One analyst has said ‘Meanwhile, something different seems to happening in Sri Lanka this time around. The opponents to constitutional reform seem to have exhausted their energy and arguments, ironically amidst the government’s own inertia and reluctance to publicly defend its positions. The government is divided on the nature and scope of reform. While the Prime Minister wants a new Constitution and abolition of the presidential system, President Sirisena wants only electoral reforms. Interestingly, the discord within the ruling coalition is paralleled by the loss of political energy in the opposition campaign. These two unconnected developments appeared clear when the Constitutional Assembly debated the interim report. The best ideas that were contributed to the debate were from the proponents of reform. The joint opposition’s speakers, led by Mr. Rajapaksa, lacked any new ideas.’ This is difficult to accept. It is true that fascistic thinking do not produce any new ideas. But they develop theories by lies and half truths. They could mobilize learned men misled by communal hate and jealousy . Unlike in previous times this deliberate construction of pseudo theory is going on backed by constructed scientific fishy data.

Our analyst goes further: ‘Ranil will still find it difficult to manage the politics of constitutional reform. First, there is the timing of the whole exercise. The government of ‘good governance’, as the Sirisena-Wickremesinghe coalition regime calls itself, is no longer as politically strong as it was a year ago. Corruption scandals, slowing down of investigations against individuals of the previous government, and economic stagnation have all seriously undermined the political credibility of Mr. Wickremesinghe’s side of the coalition.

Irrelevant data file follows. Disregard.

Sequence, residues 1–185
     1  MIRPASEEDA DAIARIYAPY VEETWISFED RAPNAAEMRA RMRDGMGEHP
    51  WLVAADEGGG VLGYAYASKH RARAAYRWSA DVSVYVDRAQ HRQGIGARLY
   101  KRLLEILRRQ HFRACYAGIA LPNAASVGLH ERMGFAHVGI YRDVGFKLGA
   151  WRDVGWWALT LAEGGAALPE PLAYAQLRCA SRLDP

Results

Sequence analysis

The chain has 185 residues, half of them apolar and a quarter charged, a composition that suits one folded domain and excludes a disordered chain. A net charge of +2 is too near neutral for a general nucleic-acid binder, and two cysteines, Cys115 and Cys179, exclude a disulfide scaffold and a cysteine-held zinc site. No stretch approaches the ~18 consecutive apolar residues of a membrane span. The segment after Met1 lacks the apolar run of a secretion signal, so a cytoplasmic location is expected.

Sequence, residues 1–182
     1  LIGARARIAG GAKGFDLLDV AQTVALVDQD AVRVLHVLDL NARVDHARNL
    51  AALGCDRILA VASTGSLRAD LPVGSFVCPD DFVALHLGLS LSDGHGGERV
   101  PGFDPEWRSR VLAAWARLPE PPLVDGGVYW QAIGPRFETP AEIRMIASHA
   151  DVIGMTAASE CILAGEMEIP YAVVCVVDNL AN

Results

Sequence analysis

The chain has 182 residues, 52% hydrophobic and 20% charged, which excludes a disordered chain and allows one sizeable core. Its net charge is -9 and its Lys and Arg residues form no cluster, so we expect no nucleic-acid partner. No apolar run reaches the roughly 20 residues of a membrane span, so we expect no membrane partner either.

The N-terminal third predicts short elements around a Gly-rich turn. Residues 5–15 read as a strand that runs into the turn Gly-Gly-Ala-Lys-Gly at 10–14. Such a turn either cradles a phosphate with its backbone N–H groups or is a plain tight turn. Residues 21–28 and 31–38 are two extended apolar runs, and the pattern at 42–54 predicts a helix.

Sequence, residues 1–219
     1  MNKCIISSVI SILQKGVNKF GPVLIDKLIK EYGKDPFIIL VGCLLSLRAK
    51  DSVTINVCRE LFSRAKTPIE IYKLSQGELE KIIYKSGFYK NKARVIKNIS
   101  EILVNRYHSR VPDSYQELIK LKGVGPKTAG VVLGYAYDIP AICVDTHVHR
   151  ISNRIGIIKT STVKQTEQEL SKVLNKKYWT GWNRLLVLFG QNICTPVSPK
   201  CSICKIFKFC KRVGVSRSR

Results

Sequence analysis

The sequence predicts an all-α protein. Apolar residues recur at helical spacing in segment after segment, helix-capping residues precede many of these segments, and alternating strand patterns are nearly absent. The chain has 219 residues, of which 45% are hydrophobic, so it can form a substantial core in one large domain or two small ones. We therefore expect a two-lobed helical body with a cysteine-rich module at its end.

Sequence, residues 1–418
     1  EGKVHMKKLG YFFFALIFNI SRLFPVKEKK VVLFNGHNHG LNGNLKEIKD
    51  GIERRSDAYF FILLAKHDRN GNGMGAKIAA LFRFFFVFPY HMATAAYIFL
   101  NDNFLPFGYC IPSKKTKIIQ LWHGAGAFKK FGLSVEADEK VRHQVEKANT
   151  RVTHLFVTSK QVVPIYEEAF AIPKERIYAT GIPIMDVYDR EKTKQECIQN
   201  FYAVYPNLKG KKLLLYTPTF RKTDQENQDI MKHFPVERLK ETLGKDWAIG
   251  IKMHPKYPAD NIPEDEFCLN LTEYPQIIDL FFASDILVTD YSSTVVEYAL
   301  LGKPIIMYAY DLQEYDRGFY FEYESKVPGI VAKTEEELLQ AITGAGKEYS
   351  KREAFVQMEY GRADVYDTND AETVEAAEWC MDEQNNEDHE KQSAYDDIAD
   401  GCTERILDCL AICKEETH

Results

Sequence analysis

Sensing the arrival of Mr. Wickremesinghe’s weak moment amidst the corruption scandals, Mr. Sirisena has recently moved in the direction of further weakening the Prime Minister’s position by asserting his own authority within the ruling coalition government. The balance of power between the two within the coalition regime may or may not change. Yet, the unfolding cold war is likely to further weaken the government’s capacity to advance the constitutional reforms initiative. A weakened government with self-inflicted wounds can hardly be the agency for a crucial project of state reform.

Thus the biggest obstacle to the progress of the constitutional reforms initiative comes from within the government, not outside. This is the real political conundrum in Sri Lanka today. Although the 19th Amendment to the Constitution created a system of diarchy in the structure of government, the two centers of power managed to function in a spirit of cooperation. That relationship has been damaged. Unless the two leaders repair it, their relationship might even degenerate into competition and antagonism. That will not be good for Sri Lanka’s democracy and political stability.’